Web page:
Beating the Backlog – Great idea #1

Run the Tests that fail first…

In a previous blog we explored the operational challenges that IT organizations face – in this blog we’re going to dive into the one of those operational challenges, IT Backlog.

Micro Focus has introduced IT backlog before (looking at the ‘lights on’ burden, and the true cost of it). However what the beleaguered CIO or IT manager really wants to hear is some practical solutions to address their concerns and their growing IT backlog.

Let’s explore some practicalities to help beat the backlog.

Once upon a time

This is a true story. A conversation took place at a software engineering lab, nearly 20 years ago. The engineering team, part of a UK software vendor, had a backlog of important client deliveries to make, each of them comprising bespoke, tailored software products.

The commercial manager was responsible for collecting payment for orders shipped and would therefore, around month-end, he would spend a lot of time in engineering. He was greeted by busy software engineers and quality assurance staff running, reviewing and reporting test activities as they sought to complete QA and meet release criteria.

In the software engineering world, testing is a vital, unavoidable and significant effort. Accepted wisdom based on notable research is that anything up to 50% of the duration of software projects will be spent in some form of testing.

This engineering shop was no different. Complex technology required exacting testing and thorough review. There would be no compromise on quality. Our commercial manager was frustrated. Why does it take so long to test?

The engineering team would point to the variety of test cases. While they might be fully automated, investigating test fails takes time and potentially involves software corrections, which require re-testing. These “fails” might not be found until the end of the testing phase. The commercial manager reflected and then offered “Why don’t we run the tests that fail first”?

Alas, it was no easier to predict what might fail than to have determined without testing that the software was error-free.

Meanwhile…

Here in the data centre of 2014, things have evolved. The applications have grown beyond recognition, serving a host of new business needs. Their composition and complexity is unprecedented. For mainframes, extrapolate this by ten. The issues, the backlog, are all on an enterprise scale.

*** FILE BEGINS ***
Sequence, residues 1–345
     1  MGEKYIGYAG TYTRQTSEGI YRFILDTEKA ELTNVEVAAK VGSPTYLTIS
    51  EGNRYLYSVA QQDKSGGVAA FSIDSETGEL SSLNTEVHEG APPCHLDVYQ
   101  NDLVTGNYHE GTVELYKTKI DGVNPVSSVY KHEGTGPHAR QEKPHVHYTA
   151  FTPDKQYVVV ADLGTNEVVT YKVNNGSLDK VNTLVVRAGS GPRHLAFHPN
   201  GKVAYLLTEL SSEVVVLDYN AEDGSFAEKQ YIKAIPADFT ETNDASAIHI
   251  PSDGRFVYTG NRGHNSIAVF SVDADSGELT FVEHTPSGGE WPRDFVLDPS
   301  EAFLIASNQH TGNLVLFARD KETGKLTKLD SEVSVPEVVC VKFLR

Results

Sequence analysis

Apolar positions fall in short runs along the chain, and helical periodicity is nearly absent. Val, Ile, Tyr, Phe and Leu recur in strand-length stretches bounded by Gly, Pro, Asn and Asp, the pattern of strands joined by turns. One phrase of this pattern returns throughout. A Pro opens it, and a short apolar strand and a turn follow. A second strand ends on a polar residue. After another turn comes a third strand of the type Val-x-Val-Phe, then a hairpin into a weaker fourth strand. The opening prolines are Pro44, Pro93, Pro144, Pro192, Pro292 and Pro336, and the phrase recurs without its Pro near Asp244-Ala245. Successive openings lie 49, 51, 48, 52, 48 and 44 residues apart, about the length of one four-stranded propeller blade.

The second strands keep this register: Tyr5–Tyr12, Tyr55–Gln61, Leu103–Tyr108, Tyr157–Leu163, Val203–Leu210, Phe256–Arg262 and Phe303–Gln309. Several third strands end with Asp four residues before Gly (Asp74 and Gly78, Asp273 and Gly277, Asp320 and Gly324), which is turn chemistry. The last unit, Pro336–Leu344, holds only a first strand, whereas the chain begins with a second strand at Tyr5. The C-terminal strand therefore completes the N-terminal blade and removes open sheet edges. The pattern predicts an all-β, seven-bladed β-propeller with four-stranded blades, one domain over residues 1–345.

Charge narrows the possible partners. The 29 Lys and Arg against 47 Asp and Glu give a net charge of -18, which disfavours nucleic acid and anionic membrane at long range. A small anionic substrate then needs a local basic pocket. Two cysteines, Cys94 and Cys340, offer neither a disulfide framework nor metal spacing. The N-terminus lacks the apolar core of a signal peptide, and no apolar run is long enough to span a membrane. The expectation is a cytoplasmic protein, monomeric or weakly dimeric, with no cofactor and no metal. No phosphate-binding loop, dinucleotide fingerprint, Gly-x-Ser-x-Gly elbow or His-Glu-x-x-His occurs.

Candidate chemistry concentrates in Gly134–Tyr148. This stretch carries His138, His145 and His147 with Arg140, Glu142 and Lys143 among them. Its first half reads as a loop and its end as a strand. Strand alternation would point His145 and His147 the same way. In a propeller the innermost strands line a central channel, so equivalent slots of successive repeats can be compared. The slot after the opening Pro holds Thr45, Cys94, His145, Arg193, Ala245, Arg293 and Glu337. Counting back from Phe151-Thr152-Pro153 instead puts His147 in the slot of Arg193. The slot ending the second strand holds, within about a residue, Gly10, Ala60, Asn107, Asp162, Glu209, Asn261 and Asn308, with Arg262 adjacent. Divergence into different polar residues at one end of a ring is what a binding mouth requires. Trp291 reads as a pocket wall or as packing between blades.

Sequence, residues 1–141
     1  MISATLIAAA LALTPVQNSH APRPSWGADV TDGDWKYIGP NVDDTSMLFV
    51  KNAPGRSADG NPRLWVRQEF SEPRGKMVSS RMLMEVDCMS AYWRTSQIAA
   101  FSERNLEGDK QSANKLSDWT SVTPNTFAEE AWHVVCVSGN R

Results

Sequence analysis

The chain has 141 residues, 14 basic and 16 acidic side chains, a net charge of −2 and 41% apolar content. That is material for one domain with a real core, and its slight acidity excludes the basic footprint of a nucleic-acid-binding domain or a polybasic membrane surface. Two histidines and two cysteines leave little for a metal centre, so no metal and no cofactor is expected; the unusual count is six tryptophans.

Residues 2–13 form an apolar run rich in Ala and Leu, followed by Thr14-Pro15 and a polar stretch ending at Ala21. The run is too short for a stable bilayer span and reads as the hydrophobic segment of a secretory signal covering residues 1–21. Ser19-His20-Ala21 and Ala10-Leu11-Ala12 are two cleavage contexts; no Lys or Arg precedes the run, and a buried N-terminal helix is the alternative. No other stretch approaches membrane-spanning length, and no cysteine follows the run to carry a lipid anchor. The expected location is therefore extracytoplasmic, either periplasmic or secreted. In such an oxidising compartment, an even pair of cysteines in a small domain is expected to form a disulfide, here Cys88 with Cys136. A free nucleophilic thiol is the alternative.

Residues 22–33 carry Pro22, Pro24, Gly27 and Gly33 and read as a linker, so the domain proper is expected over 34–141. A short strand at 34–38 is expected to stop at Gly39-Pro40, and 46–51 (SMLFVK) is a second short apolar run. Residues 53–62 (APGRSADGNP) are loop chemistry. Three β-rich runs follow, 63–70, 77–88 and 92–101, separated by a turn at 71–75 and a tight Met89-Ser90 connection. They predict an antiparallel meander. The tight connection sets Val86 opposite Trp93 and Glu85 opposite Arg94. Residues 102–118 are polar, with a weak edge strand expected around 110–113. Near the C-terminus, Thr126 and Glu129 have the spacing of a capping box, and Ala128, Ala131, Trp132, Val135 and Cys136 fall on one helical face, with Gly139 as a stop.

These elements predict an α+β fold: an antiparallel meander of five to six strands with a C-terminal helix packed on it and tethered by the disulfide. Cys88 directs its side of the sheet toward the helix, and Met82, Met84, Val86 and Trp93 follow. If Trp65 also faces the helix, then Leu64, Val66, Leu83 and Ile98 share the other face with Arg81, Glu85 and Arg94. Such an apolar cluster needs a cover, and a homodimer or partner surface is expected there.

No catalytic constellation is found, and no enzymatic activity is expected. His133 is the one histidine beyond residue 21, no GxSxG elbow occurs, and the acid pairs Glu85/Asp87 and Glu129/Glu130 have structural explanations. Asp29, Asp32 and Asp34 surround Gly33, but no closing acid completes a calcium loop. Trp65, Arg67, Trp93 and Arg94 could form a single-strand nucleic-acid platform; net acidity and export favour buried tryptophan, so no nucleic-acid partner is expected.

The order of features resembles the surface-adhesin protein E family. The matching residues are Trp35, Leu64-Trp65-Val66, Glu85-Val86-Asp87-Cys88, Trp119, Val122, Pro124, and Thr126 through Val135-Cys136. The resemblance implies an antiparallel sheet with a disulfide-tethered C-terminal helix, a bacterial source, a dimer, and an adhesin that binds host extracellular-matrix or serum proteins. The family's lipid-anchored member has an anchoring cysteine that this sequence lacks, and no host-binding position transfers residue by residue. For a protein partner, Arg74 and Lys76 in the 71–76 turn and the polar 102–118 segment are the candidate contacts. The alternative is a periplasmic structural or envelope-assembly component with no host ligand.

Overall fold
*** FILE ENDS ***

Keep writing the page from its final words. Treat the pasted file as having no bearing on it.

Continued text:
Whether one determines this as ‘progress’ is entirely a matter of perspective. What is unarguable is that even after two decades of technological advancement, a number of factors remain constant.

They’re the rules

First, IT cannot compromise on quality. Compromising makes bad things happen, as big name brands, including Target, Co-op, and RBS know to their considerable cost. Even a small flaw in quality tends to become big news pretty quickly.

Second, IT is as busy as ever. With up to a third more workload outstanding than even this time two years ago, pressure remains as high as ever to deliver, fast. Yet the environment hasn’t necessarily expanded to meet that demand. For example…

  • Availability of staff (some organizations effectively sub out QA which needs to be booked; these are shared services but which are booked by the day way ahead of time). Worse still these guys have to know tons of stuff about the environment they are meant to be testing. These skills aren’t just lying around waiting to be used.
  • Or servers. Some testing “resource” is again rented as a shared service. This time is at a premium… whether that’s mainframe test regions, QA machines, software chargebacks, there is often a usage cost for all but the most commoditised technology.
  • Finally, IT expenditure is only just emerging from the long dark shadow of economic gloom –discretionary IT operating budgets may not cover the extra resource now required.